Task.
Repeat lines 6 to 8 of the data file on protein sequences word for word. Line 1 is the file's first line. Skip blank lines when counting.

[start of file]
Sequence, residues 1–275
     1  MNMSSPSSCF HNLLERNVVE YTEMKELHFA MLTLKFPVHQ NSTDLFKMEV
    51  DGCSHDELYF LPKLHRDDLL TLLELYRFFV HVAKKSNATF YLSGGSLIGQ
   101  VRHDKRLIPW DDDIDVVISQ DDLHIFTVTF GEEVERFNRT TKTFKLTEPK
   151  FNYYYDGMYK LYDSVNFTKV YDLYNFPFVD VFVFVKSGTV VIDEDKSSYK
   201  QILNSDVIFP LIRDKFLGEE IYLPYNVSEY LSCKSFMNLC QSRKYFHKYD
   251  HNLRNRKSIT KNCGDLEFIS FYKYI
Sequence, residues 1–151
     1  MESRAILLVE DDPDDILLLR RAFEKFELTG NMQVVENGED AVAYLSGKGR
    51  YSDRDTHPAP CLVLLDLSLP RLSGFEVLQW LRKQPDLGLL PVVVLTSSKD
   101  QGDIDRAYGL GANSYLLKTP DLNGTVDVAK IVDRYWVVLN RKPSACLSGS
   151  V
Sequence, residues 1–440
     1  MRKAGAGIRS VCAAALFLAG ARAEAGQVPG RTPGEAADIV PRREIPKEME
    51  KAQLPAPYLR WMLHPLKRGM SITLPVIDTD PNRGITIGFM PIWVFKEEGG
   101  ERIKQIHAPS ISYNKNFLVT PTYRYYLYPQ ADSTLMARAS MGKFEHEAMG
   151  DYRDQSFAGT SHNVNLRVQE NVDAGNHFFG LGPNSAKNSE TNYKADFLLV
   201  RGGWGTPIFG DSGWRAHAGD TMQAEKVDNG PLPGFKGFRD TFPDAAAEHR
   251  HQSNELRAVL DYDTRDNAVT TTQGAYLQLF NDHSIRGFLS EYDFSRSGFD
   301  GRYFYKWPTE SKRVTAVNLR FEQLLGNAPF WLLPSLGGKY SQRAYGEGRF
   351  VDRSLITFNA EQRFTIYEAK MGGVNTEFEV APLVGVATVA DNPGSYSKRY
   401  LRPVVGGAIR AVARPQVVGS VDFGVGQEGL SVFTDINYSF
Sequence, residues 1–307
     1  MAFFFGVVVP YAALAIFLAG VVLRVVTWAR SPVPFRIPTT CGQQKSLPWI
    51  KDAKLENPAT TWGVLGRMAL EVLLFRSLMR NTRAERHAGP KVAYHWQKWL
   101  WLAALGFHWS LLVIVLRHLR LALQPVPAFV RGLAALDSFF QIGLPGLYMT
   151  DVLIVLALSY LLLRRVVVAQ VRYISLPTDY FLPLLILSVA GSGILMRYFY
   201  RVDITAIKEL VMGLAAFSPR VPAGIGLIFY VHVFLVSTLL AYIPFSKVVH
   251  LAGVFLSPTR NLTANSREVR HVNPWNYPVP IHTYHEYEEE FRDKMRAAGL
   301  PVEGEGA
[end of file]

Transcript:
   201  QILNSDVIFP LIRDKFLGEE IYLPYNVSEY LSCKSFMNLC QSRKYFHKYD
   251  HNLRNRKSIT KNCGDLEFIS FYKYI
Sequence, residues 1–151